If you’ve followed me for a while, you know that I love to cook (see my earlier Cooking as a Spiritual Experience post). I would not consider myself a foodie (though I do like good food) and I am not a health nut. What I do like is that I can save myself a lot of money and eat meals that typically have a lot fewer calories and less salt than a typical meal at a restaurant. Cooking also allows me to be a little creative and use ingredients and flavors that I like.

I likely developed my “cooking at home” diet when money became tight. I realized that for the price of a “value meal” at a typical fast food burger joint, I could buy a pound of beef and make enough burgers for four meals. It’s also worth noting that when I was a caregiver for my mother I needed to cook with healthier ingredients, and most importantly, a lot less salt. During this time, I grew to like my food with less salt. Thankfully, cooking for myself is probably one of my best habits right now. Sure I still eat out once in a while, but eating in is in with me.

With this in mind, I really enjoyed stumbling upon the above video by Michael Pollan. It sums up my eating philosophy at this point in my life. I have also made a conscious decision to eat less, which seems to be giving me more energy.

If you’re tired of trying every diet in order to lose weight and feel better, consider simplifying your life and starting the “cook at home” diet. I did and it has been one of my best decisions.

How about you…have you made the conscious decision to cook for yourself and your family most of the time in favor of eating out? Or is your refrigerator mostly empty because you’d prefer to just eat out? I’d love to hear your feedback and if you’re happy with your decision.

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Note: This is a guest post that I wrote which originally appeared on www.adailyshotofcoffee.com back in June, 2010. As far as I know, the site is no longer operational.

Coffee shops are well-known for being a community gathering place and a venue to meet friends and strangers. I typically go to a coffee shop to get work done, generate ideas and get out of the house. In other words, I’m often anti-social and immersed in reading and getting things done when I do go.

Last November, while running errands in downtown Chicago, I headed into my favorite coffee shop, Intelligentsia. It was cool and crisp outside and I needed to warm up and get energized.

As a coffee lover, I can appreciate the service and quality of coffee served at the chain coffee franchises. But there is something extra special about the coffee served at Intelligentsia. One look at the baristas behind the counter and you’ll notice how intense and serious they are – they don’t just care about their coffee, they obsess about it. I’m serious. Their barista’s are as passionate about their coffee much like a graphic designer is passionate about his or her Mac.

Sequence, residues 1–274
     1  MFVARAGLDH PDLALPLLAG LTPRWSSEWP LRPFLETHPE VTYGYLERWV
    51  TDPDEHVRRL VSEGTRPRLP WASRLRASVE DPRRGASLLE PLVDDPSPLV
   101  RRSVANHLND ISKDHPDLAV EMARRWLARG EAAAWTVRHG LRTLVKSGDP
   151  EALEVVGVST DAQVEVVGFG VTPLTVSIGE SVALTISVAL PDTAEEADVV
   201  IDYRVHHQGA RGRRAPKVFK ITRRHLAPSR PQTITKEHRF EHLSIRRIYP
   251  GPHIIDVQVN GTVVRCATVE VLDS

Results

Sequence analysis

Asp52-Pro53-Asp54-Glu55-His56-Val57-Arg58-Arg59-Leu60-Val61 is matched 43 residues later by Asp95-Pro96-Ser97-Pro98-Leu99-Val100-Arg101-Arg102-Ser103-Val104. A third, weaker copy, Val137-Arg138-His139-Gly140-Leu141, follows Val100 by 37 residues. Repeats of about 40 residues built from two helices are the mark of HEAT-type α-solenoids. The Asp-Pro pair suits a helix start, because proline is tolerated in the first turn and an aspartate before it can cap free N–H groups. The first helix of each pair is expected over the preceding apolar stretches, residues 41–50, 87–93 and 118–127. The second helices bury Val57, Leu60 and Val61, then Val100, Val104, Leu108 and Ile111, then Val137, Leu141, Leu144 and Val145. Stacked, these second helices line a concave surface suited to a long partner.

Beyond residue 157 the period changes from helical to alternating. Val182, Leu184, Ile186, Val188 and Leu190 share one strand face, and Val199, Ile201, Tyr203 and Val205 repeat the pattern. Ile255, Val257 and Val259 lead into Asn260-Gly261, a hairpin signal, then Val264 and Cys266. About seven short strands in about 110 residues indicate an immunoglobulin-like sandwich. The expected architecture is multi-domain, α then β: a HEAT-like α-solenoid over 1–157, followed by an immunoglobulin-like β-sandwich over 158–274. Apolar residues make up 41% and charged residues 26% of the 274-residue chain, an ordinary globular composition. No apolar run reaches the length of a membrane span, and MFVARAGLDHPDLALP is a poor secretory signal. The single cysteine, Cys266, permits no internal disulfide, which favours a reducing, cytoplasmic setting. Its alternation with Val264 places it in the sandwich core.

I get my medium latté served to me in a fairly large ceramic cup, complete with a very artistic swirl on top. Not only has Intelligentsia perfected the taste of their carefully-roasted beans, but they’ve perfected latté art.

As much as I love Intelligentsia’s coffee, dining space at their Monadnock Building location feels a little tight. I find a spot at the counter against the wall and sit down. I savor the taste of my latté and immerse myself in a notebook filled with ideas and notes.

As I work, I notice a slightly heavy-set middle-aged woman glancing toward me. After trading several glances, she steps toward me and asks with a noticeable accent, “where is the art museum from here?”

I tell her that it’s less than a mile from here. As a lifelong Chicagoan, I enjoy playing tour guide to visitors to the city. I love to direct tourists to places off the beaten path and places that are unique to the city. Had I been asked about the best coffee shop to visit, I would have said Intelligentsia.

We talk for 15 or 20 minutes about our home cities. It turns out she’s an artist from Amsterdam. We also talk about the current state of the economy in the United States, corrupt politicians, art and sports. I learn that she’s in the United States to visit her son who plays college basketball at a local university.

Both the conversation and the coffee are equally enjoyable. Even though I’ve only talked to the woman for 15 minutes, I feel like I’ve known her much longer. I admire her for her exploration of Chicago by bicycle in November and I give her ideas for places to visit while she’s in Chicago.

We finish our coffee and she realizes that its starting to get dark and that she should get going. She writes her name and email address on a small piece of paper and invites me to stay with her family if I ever decide to visit Amsterdam. I thank her profusely and we say goodbye. I’m awestruck by her generous offer.